April 20, 2006

Michael Douglas saves the day in slick “Sentinel”

The Sentinel

By Kirk Honeycutt

LOS ANGELES (Hollywood Reporter) - "The Sentinel" is a
slick enough thriller about a presidential assassination
attempt. It is also a rather mechanical, soulless affair that
avoids politics or anything else that might clearly define who
these characters are and why we should care other than that's
the First Family and these are the valiant Secret Service
agents sworn to protect the president's life.

Michael Douglas heads a sharp cast that performs with
drill-like precision under fast-paced direction from Clark
Johnson ("S.W.A.T."). Business looks good for opening weekend,
but because better White House dramas have been on TV in recent
years, box office probably won't rise above midrange in major

For all its D.C. trappings and behind-the-scenes glimpses
of the White House, Secret Service and the Presidential
Protection Division's elaborate, state-of-the-electronic-arts
control center, "Sentinel" basically reworks every police
thriller where a top cop falls under suspicion and must use the
tools of his trade to prove his innocence while on the lam.

"You are chasing your worst nightmare," barks agent David
Breckinridge (Kiefer Sutherland) as he sends fellow agents
after Secret Service superstar Pete Garrison (Douglas), his
former buddy and now greatest antagonist. Pete once took a
bullet for President Reagan, but now he is being framed and
blackmailed. So Pete must save his reputation and the president
from assassination in a matter of hours.

The trouble is that the "worst nightmare" line comes past
the halfway point. Getting there takes too much time and too
many leaps of logic that never get closed in a final shootout
that is a wee over the top. The movie could have used more of
the cop-against-his-own-system and less of the contrivances and
implausible melodrama from screenwriter George Nolfi (working
from Gerald Petievich's novel).

First we're asked to believe that the first lady (an
unusually demure Kim Basinger) is conducting an affair with the
head of her Secret Service detail under the president's nose.
That would be Pete and, yes, it's really Michael Douglas, but
c'mon! The first lady and a Secret Service guy!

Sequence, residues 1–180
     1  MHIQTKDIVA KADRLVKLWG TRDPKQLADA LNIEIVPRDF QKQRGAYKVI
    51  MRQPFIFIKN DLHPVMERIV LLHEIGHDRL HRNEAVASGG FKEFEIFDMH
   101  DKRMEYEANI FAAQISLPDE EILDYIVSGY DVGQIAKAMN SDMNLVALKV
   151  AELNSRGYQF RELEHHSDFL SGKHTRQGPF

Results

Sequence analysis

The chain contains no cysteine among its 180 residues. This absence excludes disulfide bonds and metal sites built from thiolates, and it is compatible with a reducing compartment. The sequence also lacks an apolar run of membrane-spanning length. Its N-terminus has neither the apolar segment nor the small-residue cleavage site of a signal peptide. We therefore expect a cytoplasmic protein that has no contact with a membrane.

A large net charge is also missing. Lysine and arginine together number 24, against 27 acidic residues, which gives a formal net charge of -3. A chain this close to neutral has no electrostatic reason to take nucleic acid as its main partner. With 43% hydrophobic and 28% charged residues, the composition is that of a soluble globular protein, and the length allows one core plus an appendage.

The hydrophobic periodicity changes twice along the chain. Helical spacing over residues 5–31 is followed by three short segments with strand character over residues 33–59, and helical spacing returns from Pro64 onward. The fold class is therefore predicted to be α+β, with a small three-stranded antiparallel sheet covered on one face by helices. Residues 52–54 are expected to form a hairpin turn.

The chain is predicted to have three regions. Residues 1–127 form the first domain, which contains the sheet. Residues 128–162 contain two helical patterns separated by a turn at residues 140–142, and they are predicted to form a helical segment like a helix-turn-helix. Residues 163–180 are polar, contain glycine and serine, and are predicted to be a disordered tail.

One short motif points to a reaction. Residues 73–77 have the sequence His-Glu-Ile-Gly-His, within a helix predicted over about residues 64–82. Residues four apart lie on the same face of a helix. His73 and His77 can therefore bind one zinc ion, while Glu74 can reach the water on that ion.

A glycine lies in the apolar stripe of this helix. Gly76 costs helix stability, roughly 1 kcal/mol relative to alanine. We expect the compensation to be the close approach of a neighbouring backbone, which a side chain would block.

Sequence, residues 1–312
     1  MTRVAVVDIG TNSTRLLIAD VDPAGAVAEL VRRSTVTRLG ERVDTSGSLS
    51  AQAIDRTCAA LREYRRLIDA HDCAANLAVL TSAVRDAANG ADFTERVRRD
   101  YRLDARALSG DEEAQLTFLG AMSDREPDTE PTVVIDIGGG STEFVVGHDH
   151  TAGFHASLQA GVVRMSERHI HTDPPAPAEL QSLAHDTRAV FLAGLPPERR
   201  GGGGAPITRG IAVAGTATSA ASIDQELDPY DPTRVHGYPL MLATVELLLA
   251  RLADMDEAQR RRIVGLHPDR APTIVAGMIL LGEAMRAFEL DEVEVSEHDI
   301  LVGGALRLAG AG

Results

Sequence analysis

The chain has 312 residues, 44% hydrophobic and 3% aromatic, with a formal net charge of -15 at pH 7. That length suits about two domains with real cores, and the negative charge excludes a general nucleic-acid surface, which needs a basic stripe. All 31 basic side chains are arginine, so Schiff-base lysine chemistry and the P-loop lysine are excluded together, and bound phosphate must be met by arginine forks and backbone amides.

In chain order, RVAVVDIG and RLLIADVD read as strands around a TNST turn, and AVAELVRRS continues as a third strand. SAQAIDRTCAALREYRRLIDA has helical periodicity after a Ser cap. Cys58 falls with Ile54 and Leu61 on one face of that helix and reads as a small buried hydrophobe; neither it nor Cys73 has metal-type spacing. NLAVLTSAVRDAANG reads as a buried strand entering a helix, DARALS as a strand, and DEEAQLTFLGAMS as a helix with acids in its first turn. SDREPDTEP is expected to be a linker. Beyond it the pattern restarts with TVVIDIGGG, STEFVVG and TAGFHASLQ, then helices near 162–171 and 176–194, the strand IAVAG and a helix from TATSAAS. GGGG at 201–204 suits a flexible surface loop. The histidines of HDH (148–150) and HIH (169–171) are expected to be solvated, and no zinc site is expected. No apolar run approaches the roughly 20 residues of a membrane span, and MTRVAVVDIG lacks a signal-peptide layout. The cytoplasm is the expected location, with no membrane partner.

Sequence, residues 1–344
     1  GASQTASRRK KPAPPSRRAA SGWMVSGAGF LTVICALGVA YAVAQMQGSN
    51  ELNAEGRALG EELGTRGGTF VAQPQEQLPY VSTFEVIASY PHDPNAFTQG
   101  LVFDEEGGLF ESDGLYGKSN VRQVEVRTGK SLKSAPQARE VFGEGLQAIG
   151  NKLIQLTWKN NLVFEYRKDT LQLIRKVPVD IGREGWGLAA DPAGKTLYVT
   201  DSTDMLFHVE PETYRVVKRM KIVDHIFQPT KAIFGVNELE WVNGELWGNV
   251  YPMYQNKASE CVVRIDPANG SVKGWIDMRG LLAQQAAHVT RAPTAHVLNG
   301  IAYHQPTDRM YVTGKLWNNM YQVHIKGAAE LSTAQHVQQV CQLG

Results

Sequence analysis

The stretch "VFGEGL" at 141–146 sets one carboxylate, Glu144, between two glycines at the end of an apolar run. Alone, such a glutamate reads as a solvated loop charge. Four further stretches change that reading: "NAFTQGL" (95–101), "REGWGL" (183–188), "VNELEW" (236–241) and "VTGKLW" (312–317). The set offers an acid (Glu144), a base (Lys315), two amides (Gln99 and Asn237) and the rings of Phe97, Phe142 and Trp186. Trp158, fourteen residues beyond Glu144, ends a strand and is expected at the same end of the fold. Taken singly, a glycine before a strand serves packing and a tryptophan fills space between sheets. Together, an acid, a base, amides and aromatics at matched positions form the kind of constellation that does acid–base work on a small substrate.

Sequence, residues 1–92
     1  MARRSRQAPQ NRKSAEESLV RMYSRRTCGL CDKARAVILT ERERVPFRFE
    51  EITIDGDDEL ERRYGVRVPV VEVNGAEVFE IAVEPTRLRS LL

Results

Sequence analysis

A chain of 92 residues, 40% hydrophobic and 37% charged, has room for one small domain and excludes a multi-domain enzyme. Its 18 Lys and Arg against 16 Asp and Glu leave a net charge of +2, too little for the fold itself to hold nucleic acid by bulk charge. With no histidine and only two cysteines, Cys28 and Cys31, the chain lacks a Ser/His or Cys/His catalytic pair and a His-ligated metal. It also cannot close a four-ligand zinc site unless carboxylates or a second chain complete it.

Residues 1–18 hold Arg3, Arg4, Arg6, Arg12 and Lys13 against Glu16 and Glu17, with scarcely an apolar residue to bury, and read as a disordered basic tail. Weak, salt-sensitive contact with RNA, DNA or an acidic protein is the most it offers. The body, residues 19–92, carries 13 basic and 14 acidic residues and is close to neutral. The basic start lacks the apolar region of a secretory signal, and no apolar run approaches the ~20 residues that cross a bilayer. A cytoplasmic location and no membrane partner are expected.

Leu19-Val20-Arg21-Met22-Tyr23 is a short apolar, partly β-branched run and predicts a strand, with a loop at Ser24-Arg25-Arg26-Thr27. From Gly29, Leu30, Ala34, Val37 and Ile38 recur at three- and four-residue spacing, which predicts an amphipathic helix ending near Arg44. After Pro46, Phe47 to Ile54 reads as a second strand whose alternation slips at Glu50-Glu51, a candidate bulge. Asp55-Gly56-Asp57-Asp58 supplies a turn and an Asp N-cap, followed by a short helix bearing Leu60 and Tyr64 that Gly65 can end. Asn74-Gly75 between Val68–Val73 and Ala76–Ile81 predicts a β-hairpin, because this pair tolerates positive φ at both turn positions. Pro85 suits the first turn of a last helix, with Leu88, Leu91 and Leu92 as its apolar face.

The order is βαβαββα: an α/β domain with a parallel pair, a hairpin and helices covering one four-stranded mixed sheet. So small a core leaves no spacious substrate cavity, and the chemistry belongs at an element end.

OK, let's move on to the murder of Pete's colleague moments
before he was to share confidential information with Pete. The
investigation falls to Breckinridge, who hates Pete's guts
because he thinks Pete slept with his wife, whom he has since

An old informant of Pete's turns up with convincing
evidence that a traitor exists within the Secret Service. That
investigation gets folded into the murder inquiry just as Pete
receives photos of him and the first lady in what used to be
called "compromising positions."

Once Pete goes underground, the film picks up stream.
Douglas is now free to be an action hero, while Sutherland
makes an intriguingly conflicted nemesis. Along for the ride is
a glamorous rookie agent played by Eva Longoria. (She keeps
interrupting the trains of thought of all the male characters.)
Martin Donovan, as the agent in charge of the president (David
Rasche), holds down the fort with whimsical ambiguity, while
the women -- Basinger and Blair Brown as the National Security
Adviser -- get sidelined by the action.

"Sentinel" fails in comparison to the last really good
Secret Service movie, Wolfgang Petersen's 1993 "In the Line of
Fire" starring Clint Eastwood. There, the cat-and-mouse game
between an agent and potential assassin dripped with believable
character details without shortchanging action or suspense.
Here, the filmmakers seem to feel this is an either/or thing.
So they opt for action over character. Thus we never get to
discover why such an exacting, conscientious guy as Pete is
such a moral screw-up. That might have been the real guts to
this movie.

This D.C./Toronto production does benefit from Gabriel
Beristain's deep-color cinematography, Cindy Mollo's sharp
editing, Andrew McAlpine's solid production design and
Christophe Beck's rousing score.


Pete Garrison: Michael Douglas

David Breckinridge: Kiefer Sutherland

Jill Marin: Eva Longoria

William Montrose: Martin Donovan

Handler: Ritchie Coster

Sarah Ballentine: Kim Basinger

National Security Adviser: Blair Brown

President Ballentine: David Rasche

Director: Clark Johnson; Screenwriter: George Nolfi; Based
on the novel by: Gerald Petievich; Producers: Michael Douglas,
Marcy Drogin, Arnon Milchan; Executive producer: Bill Carraro;
Director of photography: Gabriel Beristain; Production
designer: Andrew McAlpine; Music: Christophe Beck; Costumes:
Ellen Mirojnick; Editor: Cindy Mollo.

Reuters/Hollywood Reporter